A rule similar to the local content rule which is applicable in the oil industry will soon be extended to Nigerian football broadcasting as a way encouraging local companies in Nigeria to support local football should the proposed amendment to the Nigeria Broadcasting Code get the node of the federal government.
This was posted in a report monitored on the NAN (News Agency of Nigeria) website.
“For Nigerian banks, telecom companies and businesses sponsoring foreign football leagues on local television or cable channels, charity will soon have to begin from home.
The Minister of Information and Culture, Alhaji Lai Mohammed said on Wednesday that the firms must be willing to spend 30 per cent of their budget on foreign league sponsorship on Nigerian local league, in line with an impending amendment of the National Broadcasting Code.
Sports buffs believe the move will be a big boon to Nigerian football, which suffers from poor financial support by Nigerian companies, which have been supporting English Premier League and other foreign leagues.
Minister of Information and Culture, Alhaji Lai Mohamed announced this move in Lagos today, as he threw more light on a planned amendment of the National Broadcasting Code to allow for Nigerian content and flavour in what Nigerians consume on electronic channels.
The Minister had stirred controversy when he conveyed government decision that any programme meant for Nigerians must be produced in Nigeria.
Alhaji Mohammed said he had no regret for stating the position, saying he was not appointed Minister to develop the economy of other countries at the expense of the Nigerian economy.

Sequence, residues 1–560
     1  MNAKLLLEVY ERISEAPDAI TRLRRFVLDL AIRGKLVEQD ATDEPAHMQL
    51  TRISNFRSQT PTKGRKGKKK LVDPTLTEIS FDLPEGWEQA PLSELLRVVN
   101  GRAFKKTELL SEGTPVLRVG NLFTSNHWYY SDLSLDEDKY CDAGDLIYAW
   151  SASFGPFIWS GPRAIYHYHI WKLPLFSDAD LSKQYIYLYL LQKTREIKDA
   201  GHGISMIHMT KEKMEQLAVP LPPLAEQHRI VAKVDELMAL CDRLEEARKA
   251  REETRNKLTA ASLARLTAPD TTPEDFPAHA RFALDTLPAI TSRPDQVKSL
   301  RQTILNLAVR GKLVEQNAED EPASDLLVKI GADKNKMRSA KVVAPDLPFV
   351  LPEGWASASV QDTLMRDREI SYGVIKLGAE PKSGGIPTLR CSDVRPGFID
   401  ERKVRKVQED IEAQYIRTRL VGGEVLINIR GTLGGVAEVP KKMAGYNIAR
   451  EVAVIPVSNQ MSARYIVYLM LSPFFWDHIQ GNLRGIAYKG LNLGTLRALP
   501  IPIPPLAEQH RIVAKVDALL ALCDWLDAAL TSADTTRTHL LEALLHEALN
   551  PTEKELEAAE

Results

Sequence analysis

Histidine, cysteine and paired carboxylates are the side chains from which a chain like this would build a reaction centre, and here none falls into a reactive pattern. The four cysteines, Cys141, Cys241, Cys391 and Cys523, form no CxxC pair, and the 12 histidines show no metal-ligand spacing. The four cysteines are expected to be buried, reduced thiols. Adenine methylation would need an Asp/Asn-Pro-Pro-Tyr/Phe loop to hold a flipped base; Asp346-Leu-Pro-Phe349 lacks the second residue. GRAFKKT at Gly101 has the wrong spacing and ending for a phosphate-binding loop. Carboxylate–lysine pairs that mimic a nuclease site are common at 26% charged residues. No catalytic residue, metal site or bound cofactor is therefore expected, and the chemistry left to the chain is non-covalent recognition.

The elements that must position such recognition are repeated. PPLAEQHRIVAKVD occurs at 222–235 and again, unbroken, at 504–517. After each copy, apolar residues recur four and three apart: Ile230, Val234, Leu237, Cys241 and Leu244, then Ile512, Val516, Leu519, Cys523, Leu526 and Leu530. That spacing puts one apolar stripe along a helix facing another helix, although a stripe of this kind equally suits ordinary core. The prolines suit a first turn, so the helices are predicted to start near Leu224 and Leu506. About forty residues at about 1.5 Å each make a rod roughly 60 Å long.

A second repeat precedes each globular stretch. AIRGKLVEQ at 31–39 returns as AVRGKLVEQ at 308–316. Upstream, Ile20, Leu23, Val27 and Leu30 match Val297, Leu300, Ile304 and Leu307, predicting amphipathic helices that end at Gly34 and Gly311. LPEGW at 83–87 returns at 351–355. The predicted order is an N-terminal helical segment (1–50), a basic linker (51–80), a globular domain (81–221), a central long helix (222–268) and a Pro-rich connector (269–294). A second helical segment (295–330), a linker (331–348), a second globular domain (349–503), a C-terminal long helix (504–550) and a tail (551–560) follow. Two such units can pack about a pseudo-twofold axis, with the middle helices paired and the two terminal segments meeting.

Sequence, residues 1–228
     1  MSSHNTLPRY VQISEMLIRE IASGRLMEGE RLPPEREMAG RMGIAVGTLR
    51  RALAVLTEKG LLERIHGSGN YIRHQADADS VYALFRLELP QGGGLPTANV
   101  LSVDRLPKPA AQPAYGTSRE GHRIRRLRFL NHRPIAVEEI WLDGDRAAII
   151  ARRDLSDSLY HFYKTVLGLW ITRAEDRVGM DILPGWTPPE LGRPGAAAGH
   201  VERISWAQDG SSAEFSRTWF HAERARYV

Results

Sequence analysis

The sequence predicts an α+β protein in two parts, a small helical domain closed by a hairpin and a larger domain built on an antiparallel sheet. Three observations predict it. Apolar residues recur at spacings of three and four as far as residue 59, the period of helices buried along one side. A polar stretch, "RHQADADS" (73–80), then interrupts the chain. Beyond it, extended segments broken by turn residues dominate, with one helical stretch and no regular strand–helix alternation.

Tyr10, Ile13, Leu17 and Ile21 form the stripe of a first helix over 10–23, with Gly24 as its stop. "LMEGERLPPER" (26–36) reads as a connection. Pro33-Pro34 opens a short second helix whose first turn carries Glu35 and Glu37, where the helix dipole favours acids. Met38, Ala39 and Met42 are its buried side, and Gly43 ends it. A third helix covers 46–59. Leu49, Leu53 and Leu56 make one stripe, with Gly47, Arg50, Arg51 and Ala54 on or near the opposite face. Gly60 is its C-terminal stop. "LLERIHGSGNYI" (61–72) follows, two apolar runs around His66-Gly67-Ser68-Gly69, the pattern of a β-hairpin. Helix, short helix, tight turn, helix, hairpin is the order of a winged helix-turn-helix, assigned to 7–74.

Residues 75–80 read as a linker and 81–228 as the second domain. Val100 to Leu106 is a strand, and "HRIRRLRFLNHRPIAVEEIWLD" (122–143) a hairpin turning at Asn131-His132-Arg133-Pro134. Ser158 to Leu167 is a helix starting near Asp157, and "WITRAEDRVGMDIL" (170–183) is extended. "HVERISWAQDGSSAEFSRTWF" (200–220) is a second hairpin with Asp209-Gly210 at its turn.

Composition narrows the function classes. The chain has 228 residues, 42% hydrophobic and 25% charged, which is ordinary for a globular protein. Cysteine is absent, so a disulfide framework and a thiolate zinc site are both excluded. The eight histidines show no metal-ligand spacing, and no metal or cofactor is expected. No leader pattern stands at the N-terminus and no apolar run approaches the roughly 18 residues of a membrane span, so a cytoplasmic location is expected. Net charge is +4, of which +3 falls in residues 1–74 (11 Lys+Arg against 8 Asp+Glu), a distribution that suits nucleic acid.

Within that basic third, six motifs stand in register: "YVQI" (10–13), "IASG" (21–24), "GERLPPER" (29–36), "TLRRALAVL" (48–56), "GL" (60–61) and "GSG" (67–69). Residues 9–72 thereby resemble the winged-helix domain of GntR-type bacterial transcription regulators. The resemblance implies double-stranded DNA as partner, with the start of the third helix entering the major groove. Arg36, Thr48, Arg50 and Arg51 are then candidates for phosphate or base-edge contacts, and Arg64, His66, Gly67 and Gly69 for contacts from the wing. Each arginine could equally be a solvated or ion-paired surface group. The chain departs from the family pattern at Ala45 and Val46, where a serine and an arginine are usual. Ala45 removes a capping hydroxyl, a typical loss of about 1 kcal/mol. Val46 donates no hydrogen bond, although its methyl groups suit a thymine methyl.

In a statement in Lagos on Wednesday, the Minister said the Creative Industry’s potential of creating one million jobs in three years cannot be realised if jobs meant for Nigerians are being exported to other countries under the guise of producing, in other countries, programmes to be consumed in Nigeria.
”I didn’t say that henceforth, all music videos and films will be produced in Nigeria, or that the production of music videos or films outside Nigeria will be banned. All I said was that if a programme is designated as a Nigerian (local) content programme, we will amend the Code to ensure that it is produced in Nigeria,” he said, adding: ”On that, there is no going back.”
The Minister recalled how his office was bombarded with calls from concerned Nigerians when the last edition of the ”Big Brother Naija” was produced in South Africa, saying he subsequently directed the National Broadcasting Commission to investigate the circumstances surrounding the controversy.
”Following the findings, we decided to amend the relevant sections of the Nigeria Broadcasting Code to prevent a repeat of that development. We are now in the process of doing that, so that anyone who intends to produce a reality show or similar programmes for Nigerians cannot take the production of such shows outside Nigeria.
”Nigerians are a very proud and resourceful people, and we are sure that no Nigerian will be against a decision to prevent the jobs that can be done in Nigeria by Nigerians from being exported to other countries,” he said.
In a related development, Alhaji Mohammed has said the Broadcasting Code is also being amended to help develop the local football league.
”This (amendment) is not just about the Creative Industry. We are also going to ensure that the Code is amended in a manner that if any company in Nigeria today invests a million dollars in promoting or supporting any (football) team or league outside Nigeria, I want the Broadcasting Code to be amended to the effect that it will not allow that programme to be aired unless that company supports the Nigerian League with a percentage that will not be less than 30 per cent of what was spent.
”This is because we cannot continue to develop the economies of the other parts of the world from the sweat of Nigerians and at the expense of the Nigerian economy,” the Minister said.